US4709250 *Feb 14, 1986Nov 24, 1987Canon Kabushiki KaishaImage forming apparatus
US4733230 *Aug 26, 1985Mar 22, 1988Hitachi, Ltd.Method of displaying continuous tone picture using limited number of different colors or black-and-white levels, and display system therefor
US4763199 *Oct 16, 1986Aug 9, 1988Canon Kabushiki KaishaImage processing apparatus and method of adjusting same
US4782398 *Feb 18, 1988Nov 1, 1988Canon Kabushiki KaishaImage processing apparatus
US4783837 *Jul 1, 1986Nov 8, 1988Canon Kabushiki KaishaImage processing apparatus
US4800442 *May 18, 1987Jan 24, 1989Canon Kabushiki KaishaApparatus for generating an image from a digital video signal
US4811037 *Jul 26, 1988Mar 7, 1989Canon Kabushiki KaishaImage processing apparatus
US4819066 *Aug 20, 1986Apr 4, 1989Canon Kabushiki KaishaImage processing apparatus
US4847654 *Nov 18, 1986Jul 11, 1989Canon Kabushiki KaishaImage forming apparatus for processing different areas on an original in different ways
US4847695 *Feb 3, 1987Jul 11, 1989Canon Kabushiki KaishaImage processing apparatus in which the minimum and maximum widths of a pulse-width modulated signal can be independently adjusted in accordance with predetermined data signals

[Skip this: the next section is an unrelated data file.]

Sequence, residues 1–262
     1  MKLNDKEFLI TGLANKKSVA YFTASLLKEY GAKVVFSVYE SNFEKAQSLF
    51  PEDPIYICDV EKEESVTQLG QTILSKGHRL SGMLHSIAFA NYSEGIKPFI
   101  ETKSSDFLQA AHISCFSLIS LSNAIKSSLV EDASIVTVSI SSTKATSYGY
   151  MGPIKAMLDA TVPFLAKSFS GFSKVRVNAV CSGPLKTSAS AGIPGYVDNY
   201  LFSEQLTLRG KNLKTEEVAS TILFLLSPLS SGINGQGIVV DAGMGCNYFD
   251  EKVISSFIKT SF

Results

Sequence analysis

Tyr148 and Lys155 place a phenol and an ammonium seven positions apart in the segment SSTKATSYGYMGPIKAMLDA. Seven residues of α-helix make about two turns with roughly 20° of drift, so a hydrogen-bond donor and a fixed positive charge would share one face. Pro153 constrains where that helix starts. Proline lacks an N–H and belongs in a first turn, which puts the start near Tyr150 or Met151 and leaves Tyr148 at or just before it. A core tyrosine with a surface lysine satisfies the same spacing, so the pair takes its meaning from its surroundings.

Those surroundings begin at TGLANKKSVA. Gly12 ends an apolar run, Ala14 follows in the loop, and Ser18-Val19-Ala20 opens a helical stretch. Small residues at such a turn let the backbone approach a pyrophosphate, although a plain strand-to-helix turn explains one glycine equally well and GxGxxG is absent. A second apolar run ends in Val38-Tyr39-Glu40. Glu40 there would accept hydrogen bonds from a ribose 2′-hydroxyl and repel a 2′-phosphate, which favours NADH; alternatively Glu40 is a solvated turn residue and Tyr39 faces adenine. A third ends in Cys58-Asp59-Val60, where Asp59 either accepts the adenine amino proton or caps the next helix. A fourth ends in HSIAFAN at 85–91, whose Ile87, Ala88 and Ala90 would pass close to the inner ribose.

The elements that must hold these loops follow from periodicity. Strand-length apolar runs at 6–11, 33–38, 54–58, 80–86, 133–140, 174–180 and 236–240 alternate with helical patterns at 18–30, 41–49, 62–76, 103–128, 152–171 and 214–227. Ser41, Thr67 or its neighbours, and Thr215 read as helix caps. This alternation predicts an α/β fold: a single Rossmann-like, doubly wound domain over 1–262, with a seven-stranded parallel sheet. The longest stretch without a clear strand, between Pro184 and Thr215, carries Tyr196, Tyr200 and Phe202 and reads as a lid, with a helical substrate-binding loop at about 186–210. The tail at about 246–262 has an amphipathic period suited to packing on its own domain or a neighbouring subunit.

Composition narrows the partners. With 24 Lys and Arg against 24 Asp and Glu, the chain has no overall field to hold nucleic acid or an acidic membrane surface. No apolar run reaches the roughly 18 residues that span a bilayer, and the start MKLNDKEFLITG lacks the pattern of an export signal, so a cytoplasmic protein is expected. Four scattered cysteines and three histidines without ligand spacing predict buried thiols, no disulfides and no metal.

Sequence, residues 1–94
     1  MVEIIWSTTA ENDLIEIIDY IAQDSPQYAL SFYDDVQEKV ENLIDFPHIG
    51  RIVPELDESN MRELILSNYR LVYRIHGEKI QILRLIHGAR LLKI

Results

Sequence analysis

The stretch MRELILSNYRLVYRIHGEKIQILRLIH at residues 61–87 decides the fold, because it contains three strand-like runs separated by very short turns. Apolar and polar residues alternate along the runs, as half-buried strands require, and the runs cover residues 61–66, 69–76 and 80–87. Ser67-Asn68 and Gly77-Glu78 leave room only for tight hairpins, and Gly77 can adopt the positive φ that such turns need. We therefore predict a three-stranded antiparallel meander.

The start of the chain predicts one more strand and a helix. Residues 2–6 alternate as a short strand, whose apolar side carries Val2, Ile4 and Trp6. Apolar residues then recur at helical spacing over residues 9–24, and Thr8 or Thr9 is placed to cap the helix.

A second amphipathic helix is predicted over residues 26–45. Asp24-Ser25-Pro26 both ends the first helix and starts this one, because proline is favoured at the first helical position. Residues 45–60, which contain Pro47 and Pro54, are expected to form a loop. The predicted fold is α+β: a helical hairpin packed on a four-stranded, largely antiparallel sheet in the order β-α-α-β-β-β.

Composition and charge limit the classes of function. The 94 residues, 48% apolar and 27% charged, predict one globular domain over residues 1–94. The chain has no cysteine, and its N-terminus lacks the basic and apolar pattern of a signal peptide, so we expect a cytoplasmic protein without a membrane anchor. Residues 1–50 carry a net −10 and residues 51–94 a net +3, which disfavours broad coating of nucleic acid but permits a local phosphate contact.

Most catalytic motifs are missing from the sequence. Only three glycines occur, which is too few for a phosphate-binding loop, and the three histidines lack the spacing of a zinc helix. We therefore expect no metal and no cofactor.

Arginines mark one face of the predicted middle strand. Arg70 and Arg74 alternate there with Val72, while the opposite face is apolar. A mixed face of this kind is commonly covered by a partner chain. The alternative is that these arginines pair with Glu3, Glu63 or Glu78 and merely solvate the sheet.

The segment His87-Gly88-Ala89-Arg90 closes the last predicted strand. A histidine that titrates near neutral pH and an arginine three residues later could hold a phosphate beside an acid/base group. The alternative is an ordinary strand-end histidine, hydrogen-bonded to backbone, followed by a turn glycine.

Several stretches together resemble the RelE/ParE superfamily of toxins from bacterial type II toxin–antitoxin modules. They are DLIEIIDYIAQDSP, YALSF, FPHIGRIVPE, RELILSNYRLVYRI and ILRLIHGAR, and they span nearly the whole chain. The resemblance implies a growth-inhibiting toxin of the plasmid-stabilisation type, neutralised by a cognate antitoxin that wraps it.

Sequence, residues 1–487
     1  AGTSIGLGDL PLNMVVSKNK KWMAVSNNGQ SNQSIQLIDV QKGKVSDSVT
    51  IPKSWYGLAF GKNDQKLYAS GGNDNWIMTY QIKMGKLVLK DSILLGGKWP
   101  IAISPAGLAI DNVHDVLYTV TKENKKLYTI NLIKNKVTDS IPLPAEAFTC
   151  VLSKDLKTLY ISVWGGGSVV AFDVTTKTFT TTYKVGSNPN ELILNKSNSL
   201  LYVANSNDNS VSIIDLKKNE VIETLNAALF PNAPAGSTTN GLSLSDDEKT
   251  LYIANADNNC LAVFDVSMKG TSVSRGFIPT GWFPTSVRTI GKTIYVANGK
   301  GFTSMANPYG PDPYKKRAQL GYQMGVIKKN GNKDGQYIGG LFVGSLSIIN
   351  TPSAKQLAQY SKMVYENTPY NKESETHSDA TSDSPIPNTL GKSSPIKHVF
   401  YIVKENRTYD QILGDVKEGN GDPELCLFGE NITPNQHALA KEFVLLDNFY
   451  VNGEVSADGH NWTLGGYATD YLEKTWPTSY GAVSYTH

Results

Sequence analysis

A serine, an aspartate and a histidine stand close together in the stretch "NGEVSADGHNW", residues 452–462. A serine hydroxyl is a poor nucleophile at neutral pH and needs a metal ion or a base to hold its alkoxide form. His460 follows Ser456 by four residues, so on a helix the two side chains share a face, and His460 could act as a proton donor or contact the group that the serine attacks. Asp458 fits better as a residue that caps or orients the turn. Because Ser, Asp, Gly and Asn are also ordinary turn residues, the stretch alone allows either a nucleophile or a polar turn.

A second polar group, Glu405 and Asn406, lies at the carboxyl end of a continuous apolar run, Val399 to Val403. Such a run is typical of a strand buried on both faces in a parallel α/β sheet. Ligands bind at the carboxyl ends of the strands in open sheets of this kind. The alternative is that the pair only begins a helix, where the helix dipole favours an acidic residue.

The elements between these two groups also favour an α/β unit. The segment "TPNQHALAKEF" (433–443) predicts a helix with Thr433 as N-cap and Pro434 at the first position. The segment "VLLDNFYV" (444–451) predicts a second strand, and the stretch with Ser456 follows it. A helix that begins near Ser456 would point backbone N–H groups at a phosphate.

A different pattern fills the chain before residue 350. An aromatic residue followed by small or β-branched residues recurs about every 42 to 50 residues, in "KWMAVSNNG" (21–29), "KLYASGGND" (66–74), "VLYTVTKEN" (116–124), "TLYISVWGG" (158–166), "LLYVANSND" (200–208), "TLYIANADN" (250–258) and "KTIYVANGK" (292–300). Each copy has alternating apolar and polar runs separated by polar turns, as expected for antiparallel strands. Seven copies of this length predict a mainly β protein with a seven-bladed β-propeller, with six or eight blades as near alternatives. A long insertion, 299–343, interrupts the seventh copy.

US4975786 *Dec 23, 1988Dec 4, 1990Canon Kabushiki KaishaImage processing method and apparatus with error diffusion capability
US4998122 *Sep 14, 1989Mar 5, 1991Kabushiki Kaisha ToshibaImage binarization apparatus
US5130808 *May 18, 1990Jul 14, 1992Canon Kabushiki KaishaImage forming apparatus with dot concentration
US5148287 *Oct 19, 1989Sep 15, 1992Canon Kabushiki KaishaImage processing apparatus with good highlight reproduction
US5159471 *Jul 27, 1990Oct 27, 1992Brother Kogyo Kabushiki KaishaScanner device having a binary signal depending upon density level of adjacent pixels
US5161036 *Dec 14, 1990Nov 3, 1992Kabushiki Kaisha ToshibaPicture digitizing system using randomly varied binary threshold data
JP43161997A * Title not available
JPS5393030A * Title not available
JPS6253573A * Title not available
JPS50119639A * Title not available
Referenced by
Citing PatentFiling datePublication dateApplicantTitle
US5535019 *Sep 15, 1994Jul 9, 1996Xerox CorporationError diffusion halftoning with homogeneous response in high/low intensity image regions
US5619334 *Aug 18, 1994Apr 8, 1997Compaq Computer CorporationContinuous-tone printer with edge enhancement